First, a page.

In her letter to NRC, Warren cites scientific studies in Michigan, Wisconsin and Minnesota -- refuting claims that wolves have caused a decline in deer populations.
"Data compiled by Mississippi State University, over a three year period, in Menominee County [Michigan] shows the coyote as the leading predator of deer, including fawns and adult females, followed by the bobcat," Warren notes as one example.
Warren also notes that Michigan's Wolf Management Plan states wolf-related conflicts should be handled on an individual basis.
She writes, "The recommending guidelines approved by the Michigan wolf roundtable states, 'In recent years, Michigan wolves have been killed on a case-by-case basis by government personnel for the purpose of addressing wolf-related conflicts. All reason suggests wolves will continue to be killed for this purpose. The DNR can use hunters for this [emphasis added] management need. Satisfying, in part, the interest to recreationally hunt would be an outcome of killing wolves to address wolf-related conflicts.' This was the only use of hunters that was agreed upon by the Roundtable."
Warren adds that the proposed regulations conflict with the Wolf Management Plan because they expand the use of hunters and trappers as a management tool.
She gives the following summary of points she wishes the NRC will consider:
- "The proposed wolf regulations have been submitted without the input of the WMAC
- The Wolf Management Units are too large and must be reduced to target the few packs that may be responsible for depredation
- This proposal essentially creates a recreational hunting/trapping season because it includes wolf packs not directly responsible for livestock depredation
- We do not support baiting, trapping or night hunting
- DNR has not provided the data to support this proposal and has not established that a hunting /trapping season will reduce conflicts."
Petition could suspend implementation of wolf hunting law
More than 2,000 Michigan residents volunteered for Keep Michigan Wolves Protected, a coalition of animal welfare groups, conservationists, veterinarians, Native American tribes and faith leaders -- to gather signatures during sub-freezing temperatures. The volunteers participated in more than 700 events statewide, most of them outdoors.
By the time Keep Michigan Wolves Protected received approval for the wording by the Board of State Canvassers and printed petitions, the 90-day petition period prescribed by law had dwindled down to only 67 days to complete the task. The most common response heard by signature gatherers -- whether they were in Houghton, Marquette, Detroit, Kalamazoo, Petoskey or Lansing -- was "Thank you for being here and speaking up for our wolves."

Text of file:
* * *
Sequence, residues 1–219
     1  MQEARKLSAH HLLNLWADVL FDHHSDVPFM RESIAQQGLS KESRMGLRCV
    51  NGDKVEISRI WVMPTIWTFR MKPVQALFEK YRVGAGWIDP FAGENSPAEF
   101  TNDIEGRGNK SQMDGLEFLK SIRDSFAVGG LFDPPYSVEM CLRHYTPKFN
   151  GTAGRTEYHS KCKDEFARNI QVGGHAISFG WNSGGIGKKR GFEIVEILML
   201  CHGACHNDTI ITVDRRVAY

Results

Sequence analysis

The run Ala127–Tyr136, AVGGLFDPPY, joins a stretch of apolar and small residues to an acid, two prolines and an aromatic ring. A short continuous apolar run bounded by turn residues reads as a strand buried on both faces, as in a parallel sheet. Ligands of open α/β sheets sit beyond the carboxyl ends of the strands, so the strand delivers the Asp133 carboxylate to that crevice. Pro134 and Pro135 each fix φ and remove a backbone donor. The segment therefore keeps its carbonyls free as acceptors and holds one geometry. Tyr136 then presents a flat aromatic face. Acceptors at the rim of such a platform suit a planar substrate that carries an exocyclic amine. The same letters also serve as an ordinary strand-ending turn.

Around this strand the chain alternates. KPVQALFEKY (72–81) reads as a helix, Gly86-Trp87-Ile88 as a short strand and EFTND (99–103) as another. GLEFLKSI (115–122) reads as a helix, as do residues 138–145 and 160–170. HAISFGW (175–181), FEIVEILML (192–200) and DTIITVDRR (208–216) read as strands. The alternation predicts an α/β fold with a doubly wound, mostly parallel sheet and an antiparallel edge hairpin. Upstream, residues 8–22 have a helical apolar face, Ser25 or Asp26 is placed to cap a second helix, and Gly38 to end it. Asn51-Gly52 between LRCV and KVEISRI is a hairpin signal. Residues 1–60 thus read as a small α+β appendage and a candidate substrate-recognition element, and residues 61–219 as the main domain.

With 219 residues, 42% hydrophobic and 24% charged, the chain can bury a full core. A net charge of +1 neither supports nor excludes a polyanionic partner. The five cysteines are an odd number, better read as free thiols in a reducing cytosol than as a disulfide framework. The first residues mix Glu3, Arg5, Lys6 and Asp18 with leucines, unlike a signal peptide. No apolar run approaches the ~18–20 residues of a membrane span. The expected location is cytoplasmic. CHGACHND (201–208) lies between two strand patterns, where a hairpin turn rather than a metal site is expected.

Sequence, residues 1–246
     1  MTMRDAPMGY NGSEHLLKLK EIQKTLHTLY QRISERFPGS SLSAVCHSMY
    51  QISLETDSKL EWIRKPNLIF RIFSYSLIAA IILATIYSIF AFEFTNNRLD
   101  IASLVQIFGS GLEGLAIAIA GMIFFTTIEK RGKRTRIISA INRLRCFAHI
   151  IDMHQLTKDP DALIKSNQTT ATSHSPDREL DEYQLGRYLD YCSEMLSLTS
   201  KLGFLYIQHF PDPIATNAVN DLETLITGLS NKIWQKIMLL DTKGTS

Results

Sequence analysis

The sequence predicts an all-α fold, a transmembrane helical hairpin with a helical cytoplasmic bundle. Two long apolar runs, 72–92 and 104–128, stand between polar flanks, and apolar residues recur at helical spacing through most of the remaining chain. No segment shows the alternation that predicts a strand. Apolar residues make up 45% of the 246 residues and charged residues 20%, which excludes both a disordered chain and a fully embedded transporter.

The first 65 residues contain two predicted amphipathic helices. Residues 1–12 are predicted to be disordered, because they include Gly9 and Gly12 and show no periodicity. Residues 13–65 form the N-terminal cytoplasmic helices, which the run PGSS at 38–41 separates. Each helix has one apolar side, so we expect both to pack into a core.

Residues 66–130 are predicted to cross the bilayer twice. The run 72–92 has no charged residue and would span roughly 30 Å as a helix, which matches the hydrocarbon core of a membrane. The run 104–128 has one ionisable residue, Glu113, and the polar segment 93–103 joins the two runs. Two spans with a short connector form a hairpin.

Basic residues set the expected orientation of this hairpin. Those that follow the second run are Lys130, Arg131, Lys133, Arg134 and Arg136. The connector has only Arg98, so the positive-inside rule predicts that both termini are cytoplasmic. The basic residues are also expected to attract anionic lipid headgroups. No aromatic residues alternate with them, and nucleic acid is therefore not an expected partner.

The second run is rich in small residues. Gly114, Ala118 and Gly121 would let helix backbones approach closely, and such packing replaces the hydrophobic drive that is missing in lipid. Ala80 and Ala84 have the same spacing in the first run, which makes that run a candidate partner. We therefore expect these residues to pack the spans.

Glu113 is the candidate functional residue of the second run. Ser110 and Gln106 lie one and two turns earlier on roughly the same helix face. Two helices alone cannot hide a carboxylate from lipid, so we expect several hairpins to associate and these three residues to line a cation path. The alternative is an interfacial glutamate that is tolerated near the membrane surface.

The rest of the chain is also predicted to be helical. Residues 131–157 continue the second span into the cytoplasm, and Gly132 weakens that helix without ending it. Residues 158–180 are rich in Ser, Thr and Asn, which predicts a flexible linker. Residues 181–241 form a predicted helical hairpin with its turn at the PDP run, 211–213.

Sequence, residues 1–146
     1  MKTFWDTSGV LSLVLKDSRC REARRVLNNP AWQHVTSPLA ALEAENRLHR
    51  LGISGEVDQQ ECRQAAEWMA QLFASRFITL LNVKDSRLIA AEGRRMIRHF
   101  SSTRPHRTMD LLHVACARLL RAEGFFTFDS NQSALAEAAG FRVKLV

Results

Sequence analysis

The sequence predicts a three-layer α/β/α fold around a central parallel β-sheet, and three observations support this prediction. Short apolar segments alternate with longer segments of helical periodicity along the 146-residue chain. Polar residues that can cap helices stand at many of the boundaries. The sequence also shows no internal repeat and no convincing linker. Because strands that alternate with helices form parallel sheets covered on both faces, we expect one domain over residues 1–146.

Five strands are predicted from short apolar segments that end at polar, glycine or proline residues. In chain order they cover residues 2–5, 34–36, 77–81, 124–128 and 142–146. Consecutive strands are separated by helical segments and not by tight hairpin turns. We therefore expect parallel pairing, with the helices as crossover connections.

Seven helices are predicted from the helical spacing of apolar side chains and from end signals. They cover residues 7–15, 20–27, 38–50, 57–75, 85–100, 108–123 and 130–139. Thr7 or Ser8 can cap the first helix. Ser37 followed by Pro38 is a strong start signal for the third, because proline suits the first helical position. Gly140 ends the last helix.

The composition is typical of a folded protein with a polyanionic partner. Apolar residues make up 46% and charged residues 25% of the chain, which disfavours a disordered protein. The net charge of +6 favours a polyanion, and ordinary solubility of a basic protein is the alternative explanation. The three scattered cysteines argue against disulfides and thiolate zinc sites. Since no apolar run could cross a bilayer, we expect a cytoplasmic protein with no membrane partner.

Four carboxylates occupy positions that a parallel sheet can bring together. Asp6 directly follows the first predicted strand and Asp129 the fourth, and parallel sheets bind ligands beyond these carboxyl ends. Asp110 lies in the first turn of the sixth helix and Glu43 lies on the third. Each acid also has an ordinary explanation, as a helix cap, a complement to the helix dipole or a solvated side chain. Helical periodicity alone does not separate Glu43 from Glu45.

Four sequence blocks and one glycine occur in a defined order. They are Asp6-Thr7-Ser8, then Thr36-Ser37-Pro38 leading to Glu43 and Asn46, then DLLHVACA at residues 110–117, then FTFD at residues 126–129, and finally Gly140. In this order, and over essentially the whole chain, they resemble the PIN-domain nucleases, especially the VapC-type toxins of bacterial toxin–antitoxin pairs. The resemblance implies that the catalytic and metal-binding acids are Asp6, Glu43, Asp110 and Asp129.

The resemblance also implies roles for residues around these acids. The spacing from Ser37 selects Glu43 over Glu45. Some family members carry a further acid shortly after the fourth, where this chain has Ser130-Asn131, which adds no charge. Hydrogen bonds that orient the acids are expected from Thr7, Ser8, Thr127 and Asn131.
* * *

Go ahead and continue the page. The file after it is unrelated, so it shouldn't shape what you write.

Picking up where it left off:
Once submitted, the Board of State Canvassers has 60 days, with an option of 15 additional days, to determine if the petitions contain enough valid signatures. If so, implementation of Public Act 520, the wolf hunting law, will be suspended pending the outcome of the November 2014 vote.
Wolves have been protected in Michigan for almost 50 years after being hunted to the brink of extinction. After more than four decades of protection, there are fewer than 700 wolves in Michigan. Despite the wolf population's fragile status, the Michigan legislature rushed a bill through last year’s session authorizing a sport hunting season for wolves -- opening the door to the same practices that virtually eradicated their population in the first place.
It’s already legal in Michigan to kill wolves in order to protect livestock or dogs, making a sport hunting and trapping season unnecessary. People don’t eat wolves, and it’s just pointless trophy hunting for no good purpose. Wolf hunting may involve especially cruel and unfair practices, such as painful steel-jawed leghold traps, hunting over bait, and even using packs of dogs to chase down and kill wolves.
Michigan residents interested in volunteering, donating or learning more about the issue can visit KeepWolvesProtected.com.
* Click here for PA 520, the wolf hunt bill, introduced by Michigan Sen. Tom Casperson (R-Escanaba).
** Click here for the Natural Resources Commission agenda for their Apr. 11, 2013, meeting.
*** See our Feb. 15, 2013, article, "Video report: Presentation on wolves offers facts, petition signing opportunity" and the March 10, 2013, article, "Petition signing to protect wolves continues in Marquette," by Greg Peterson. See also our Jan. 29, 2013, article, "KBIC Elder speaks against wolf hunt at DNR Citizens' Advisory Council meeting."
**** Click here for the DNR Memorandum to the Natural Resources Commission, proposing a public harvest of wolves, to be presented to the NRC at their Apr. 11 meeting.
***** Click here to read a statement by John Vucetich, "Some Reasons to Oppose Wolf Hunting in Michigan."